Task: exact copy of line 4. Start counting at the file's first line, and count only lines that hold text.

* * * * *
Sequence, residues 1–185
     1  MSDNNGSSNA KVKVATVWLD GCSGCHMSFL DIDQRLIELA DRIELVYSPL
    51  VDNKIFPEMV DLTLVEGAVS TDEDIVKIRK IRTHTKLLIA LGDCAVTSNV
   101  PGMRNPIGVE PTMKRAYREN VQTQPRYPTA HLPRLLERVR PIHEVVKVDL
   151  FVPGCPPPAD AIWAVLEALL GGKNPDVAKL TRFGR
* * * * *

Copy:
   101  PGMRNPIGVE PTMKRAYREN VQTQPRYPTA HLPRLLERVR PIHEVVKVDL